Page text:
Fresh Water Snorkeling with Jim Herrig

Last Saturday we had the wonderful privilege of hosting Jim Herrig, from the US Forest Service, the man who developed the wildly successful Freshwater Snorkeling Program in the Cherokee National Forest! Jim and his assistant Michela packed all of their equipment up: snorkels, masks and wetsuits, and made a 6 hour trek north to give us a full demonstration of the program.

Our original plan was to search the South Fork of the New River for hellbenders but unfortunately rain from the previous night tripled the size of the South Fork of the New and we were forced to reconsider our exploration site. We quickly settled on Helton Creek that was promisingly clear just up the road. Jim, Michela and Lisa Benish had scoped the South Fork of the New River out on the previous day and only came across 2 species of fish!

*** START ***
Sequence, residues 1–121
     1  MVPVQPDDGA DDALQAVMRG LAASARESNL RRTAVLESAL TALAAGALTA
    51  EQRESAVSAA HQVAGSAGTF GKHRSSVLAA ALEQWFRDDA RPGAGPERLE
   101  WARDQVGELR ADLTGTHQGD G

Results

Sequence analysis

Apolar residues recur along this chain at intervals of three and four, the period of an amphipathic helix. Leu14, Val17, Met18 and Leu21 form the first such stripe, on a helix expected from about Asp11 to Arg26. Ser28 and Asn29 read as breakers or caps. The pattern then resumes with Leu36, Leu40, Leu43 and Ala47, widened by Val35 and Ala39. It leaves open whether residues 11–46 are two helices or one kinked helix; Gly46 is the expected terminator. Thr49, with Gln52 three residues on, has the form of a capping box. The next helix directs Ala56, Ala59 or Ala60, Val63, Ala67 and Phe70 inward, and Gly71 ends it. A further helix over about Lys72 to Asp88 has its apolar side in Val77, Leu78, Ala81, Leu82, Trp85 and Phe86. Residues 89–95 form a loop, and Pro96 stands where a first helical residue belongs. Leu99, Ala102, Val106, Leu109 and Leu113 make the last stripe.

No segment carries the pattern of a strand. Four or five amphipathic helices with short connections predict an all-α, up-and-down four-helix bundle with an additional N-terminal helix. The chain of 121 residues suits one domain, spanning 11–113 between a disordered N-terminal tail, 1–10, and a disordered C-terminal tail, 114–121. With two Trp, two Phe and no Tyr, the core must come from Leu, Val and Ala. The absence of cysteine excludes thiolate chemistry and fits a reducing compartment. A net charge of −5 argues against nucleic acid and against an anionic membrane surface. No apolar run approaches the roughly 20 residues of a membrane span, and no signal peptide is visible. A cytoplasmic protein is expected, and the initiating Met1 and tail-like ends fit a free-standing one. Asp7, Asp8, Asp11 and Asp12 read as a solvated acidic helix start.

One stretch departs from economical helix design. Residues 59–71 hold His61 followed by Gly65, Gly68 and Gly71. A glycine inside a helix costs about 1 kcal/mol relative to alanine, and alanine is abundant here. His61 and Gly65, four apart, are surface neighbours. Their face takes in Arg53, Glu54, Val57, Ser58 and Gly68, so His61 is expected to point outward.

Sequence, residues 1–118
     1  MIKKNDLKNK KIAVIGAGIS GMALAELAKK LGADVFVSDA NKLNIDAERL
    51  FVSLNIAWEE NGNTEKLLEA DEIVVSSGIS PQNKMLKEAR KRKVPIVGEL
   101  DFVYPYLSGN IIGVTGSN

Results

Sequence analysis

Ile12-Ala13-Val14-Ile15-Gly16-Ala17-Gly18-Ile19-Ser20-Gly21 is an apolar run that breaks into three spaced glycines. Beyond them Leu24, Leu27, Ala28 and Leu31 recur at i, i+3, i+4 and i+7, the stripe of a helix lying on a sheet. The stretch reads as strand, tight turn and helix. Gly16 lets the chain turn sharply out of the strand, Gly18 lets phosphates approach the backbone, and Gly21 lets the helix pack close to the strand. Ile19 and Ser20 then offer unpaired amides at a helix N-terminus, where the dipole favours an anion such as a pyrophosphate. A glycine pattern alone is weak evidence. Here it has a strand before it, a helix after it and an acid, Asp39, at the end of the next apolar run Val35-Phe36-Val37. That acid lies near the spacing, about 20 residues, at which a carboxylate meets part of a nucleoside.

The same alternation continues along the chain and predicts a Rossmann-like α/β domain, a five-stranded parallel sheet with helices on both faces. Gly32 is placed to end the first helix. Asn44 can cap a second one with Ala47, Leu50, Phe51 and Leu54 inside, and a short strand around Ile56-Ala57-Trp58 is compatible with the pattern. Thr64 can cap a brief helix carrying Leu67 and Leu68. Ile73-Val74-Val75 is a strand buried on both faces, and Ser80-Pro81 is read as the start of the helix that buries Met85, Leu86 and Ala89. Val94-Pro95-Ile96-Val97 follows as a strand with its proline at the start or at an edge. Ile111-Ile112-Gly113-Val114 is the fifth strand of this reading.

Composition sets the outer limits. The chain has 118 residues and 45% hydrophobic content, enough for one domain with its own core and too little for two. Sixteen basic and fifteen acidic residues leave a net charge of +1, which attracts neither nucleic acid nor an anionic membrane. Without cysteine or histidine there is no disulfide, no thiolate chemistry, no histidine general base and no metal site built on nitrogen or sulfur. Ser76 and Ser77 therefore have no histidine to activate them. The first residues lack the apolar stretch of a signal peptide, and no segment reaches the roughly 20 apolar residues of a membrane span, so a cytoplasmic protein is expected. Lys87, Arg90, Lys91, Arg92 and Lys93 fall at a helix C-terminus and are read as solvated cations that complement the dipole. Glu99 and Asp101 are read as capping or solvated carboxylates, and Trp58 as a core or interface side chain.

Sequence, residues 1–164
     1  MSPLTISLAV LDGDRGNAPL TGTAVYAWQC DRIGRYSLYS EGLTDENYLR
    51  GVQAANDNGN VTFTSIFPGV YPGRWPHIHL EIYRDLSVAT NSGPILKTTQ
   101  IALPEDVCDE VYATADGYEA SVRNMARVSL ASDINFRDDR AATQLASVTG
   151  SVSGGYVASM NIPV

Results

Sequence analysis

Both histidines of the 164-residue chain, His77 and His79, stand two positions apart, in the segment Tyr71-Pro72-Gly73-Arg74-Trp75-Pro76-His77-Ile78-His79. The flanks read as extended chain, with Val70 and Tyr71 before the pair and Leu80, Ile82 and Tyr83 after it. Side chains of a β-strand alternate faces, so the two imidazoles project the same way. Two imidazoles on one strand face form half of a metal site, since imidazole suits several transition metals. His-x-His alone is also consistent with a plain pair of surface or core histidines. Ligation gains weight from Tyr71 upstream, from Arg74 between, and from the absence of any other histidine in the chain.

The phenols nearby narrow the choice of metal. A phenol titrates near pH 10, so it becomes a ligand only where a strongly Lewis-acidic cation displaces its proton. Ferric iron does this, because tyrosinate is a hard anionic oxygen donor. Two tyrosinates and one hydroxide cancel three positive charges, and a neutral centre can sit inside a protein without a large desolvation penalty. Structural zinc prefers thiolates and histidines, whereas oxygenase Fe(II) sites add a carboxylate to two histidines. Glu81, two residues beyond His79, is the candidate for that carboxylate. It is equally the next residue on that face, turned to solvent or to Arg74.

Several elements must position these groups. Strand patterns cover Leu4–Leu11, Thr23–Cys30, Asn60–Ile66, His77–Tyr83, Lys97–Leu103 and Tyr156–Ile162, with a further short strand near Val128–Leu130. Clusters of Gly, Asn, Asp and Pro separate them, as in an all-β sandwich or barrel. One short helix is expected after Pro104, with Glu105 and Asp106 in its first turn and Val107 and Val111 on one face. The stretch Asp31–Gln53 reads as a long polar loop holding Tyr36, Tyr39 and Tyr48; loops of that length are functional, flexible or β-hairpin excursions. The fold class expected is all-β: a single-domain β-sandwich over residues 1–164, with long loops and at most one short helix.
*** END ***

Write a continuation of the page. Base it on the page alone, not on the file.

Helton Creek, known as North Carolina's premier delayed-harvest trout fishery, proved to have a much higher density of fish and diversity of species. We tallied 17 species in four hours of snorkeling the creek. Starting in a long riffle, 10 kids ranging from 11-18 years old and four adults worked their way excitedly upstream and into a ledged pool. After a brief lunch, we geared back up and worked our way upstream to a deep pool under a bridge where we found schools of big white suckers and trout. The highlight of the underwater world was the density of crayfish, darters and sculpin in the eight inch deep riffles at the heads of the pools. Everyone was slightly hesitant at first but as the day progressed so did the enthusiasm!

A big thank you to Jim Herrig and the USFS for making this possible!

  1. Longnose dace ?
  2. Western blacknose dace
  3. Bigmouth chub ?
  4. Central stoneroller
  5. Creek chub
  6. Bluehead chub
  7. Spotfin shiner
  8. Saffron Shiner
  9. Northern hogsucker
  10. White sucker
  11. Rainbow Trout
  12. Brook Trout
  13. Brown Trout
  14. Mottled sculpin
  15. Fan-tailed darter
  16. Kanawha Darter
  17. Logperch